The Journey of Ancient Egypt's Dead

By Marco Almbauer (Own work) [CC BY-SA 3.0 (], via Wikimedia Commons

The ancient Egyptians believed that after death, one can become immortal in the afterlife if they followed a very elaborate set of funerary practices and rites. The Egyptians believed heavily in life after death, and had very particular ways that the dead should be handled, magic spells that should be cast over the dead, and even specific items that the dead should be buried with that will help to ensure their immortality. It is believed that the reason for the incredibly elaborate preparation for the dead is because the ancient Egyptians believed in many gods, and that each god would judge the individual separately, so it was essential to be as prepared as possible for each god you may encounter as you venture in the realm of the dead.

In early Egypt, the body of the deceased would originally only be buried in simple oval graves with very few items, but as times progressed, the funerary practices of the dead became more elaborate, and the body would be buried in a wicker basket and later, a wooden coffin. Soon after, the Egyptians began the practice that they are very well known for: burying the body in a sarcophagus, which is a stone coffin that is often engraved with artwork or inscriptions associated with the ancient Egyptian culture. In addition to the dead body, these sarcophaguses would often contain items that belonged to the person buried within, such as jewelry, games, and food. These types of practices lead scientists to believe that these people believed that there was an afterlife, although archaeological evidence suggested that your normal, every day person has a low chance of actually getting there.

Osiris is the Egyptian god of the afterlife and the dead. He is the god responsible for judging the soul of the deceased in the afterlife, and the cult of Osiris that followed him were fascinated and obsessed with the afterlife and immortality. The ancient Egyptians believed that death was a transition and that the ka, or the life-force of the person, left the body when one died. This transition into the afterlife also influenced the heavy preservation of the body of the dead, as they believed it was important for the body to be preserved to help a smooth transition into the realm of the dead. They believed that when a person died, they faced a judgement of 42 judges, who would deem the person either innocent or guilty; the innocent souls would transition into the kingdom of Osiris, and the guilty would be thrown to a soul eating demon who would promptly end the afterlife for the soul (but not before being severely punished!).

But in order for the person to attain the true afterlife, the body had to be preserved, so the Egyptians became very skilled at mummification. Mummification allowed the soul to reunite with the body and then they would be free to enjoy the glorious afterlife. Mummification was achieved by dehydrating the body using natron, which is a natural mineral which can be compared to a combination of baking soda and salt. After the body is drained of its liquids, the skin, muscles, and hair are all left intact. As long as you could afford the asking price to be mummified, the process was offered to anybody. But if you weren't as well as some of your wealthy friends, don't fret - with the right combination of spells, you too could bask in the glory of the afterlife!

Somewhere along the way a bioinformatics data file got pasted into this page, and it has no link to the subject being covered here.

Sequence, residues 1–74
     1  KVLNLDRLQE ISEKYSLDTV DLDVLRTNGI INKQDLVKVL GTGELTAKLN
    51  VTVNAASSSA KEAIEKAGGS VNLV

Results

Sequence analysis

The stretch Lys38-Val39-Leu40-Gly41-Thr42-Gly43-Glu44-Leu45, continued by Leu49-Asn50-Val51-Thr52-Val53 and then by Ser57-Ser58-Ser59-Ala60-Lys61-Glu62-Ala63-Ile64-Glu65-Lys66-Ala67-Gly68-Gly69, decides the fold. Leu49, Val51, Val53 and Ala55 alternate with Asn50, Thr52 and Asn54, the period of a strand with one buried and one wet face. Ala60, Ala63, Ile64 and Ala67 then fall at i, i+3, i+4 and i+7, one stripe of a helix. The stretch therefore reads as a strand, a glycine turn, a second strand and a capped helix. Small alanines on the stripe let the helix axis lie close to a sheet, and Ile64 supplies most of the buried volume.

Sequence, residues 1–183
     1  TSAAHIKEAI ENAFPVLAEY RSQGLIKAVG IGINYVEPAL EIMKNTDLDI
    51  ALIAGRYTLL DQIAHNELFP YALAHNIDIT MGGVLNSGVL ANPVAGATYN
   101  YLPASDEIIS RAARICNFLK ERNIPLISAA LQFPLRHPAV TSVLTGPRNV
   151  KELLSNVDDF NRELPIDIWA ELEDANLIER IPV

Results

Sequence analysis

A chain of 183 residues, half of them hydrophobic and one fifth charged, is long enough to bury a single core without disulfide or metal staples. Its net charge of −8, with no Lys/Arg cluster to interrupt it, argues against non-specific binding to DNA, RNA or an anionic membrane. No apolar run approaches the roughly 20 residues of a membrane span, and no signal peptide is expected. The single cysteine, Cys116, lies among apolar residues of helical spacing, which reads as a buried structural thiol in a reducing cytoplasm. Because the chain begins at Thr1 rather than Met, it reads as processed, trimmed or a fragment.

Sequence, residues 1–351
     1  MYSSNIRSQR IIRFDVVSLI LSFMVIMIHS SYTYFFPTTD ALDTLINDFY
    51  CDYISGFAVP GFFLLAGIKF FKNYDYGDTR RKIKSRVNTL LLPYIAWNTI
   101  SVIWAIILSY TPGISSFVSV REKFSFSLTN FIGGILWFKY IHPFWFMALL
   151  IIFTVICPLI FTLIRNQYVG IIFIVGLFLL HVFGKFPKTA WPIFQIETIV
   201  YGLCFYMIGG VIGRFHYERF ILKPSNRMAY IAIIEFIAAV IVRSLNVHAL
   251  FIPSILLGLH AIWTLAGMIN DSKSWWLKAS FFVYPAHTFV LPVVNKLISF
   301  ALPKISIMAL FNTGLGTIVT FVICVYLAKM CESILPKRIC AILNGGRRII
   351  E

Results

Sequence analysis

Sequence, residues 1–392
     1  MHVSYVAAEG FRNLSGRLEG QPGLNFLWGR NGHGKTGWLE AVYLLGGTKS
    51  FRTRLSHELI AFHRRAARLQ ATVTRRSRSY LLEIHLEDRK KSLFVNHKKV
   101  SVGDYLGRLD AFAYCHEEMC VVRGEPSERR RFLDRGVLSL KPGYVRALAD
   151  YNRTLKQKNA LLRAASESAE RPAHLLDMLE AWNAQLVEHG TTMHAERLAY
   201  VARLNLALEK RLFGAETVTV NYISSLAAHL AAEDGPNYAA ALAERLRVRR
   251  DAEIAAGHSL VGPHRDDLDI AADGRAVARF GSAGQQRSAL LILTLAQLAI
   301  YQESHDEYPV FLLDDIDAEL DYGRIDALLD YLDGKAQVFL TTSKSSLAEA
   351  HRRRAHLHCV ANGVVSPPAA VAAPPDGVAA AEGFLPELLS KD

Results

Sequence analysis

When the mummy was fully prepared and ready, a priest would symbolically re-animate the body, and begin the "opening of the mouth" ceremony. This ceremony consisted of a priest speaking a spell and then touching the mummified body (or sarcophagus) with a copper or stone blade. This ceremony granted breath and speech to the mummy in the afterlife (there were similar spells which would allow other parts of the mummy's body to be re-animated, such as its arms and legs). After the mummy was moved to its tomb, the priest would recite some additional spells and prayers, which would assist the soul in navigating the afterlife. And once the tomb was sealed, no one was to enter it!

In the tombs of the deceased, funerary texts were buried with the body. These sacred texts consisted of additional spells and even instructions on how to navigate through the afterlife, and served as help for the soul if the person needed it to help ensure a bountiful afterlife journey. These texts became known as the "Book of the Dead" or the Funeral Papyri, and they were originally only intended for Pharaohs to ensure their resurrection and protection. These funerary texts eventually made their way into the tombs of high ranking officials before they were eventually offered to non-noble and non-official people in the society.

There's no doubt that ancient Egypt has a fascinating view on death. But it wasn't just death - it was what came after death that this ancient civilization became interested and heavily influenced in. There's a lot of great resources about Osiris, his death cult, and mummification available online, so if this interests you definitely continue researching it, because there's so much interesting information about this civilization available!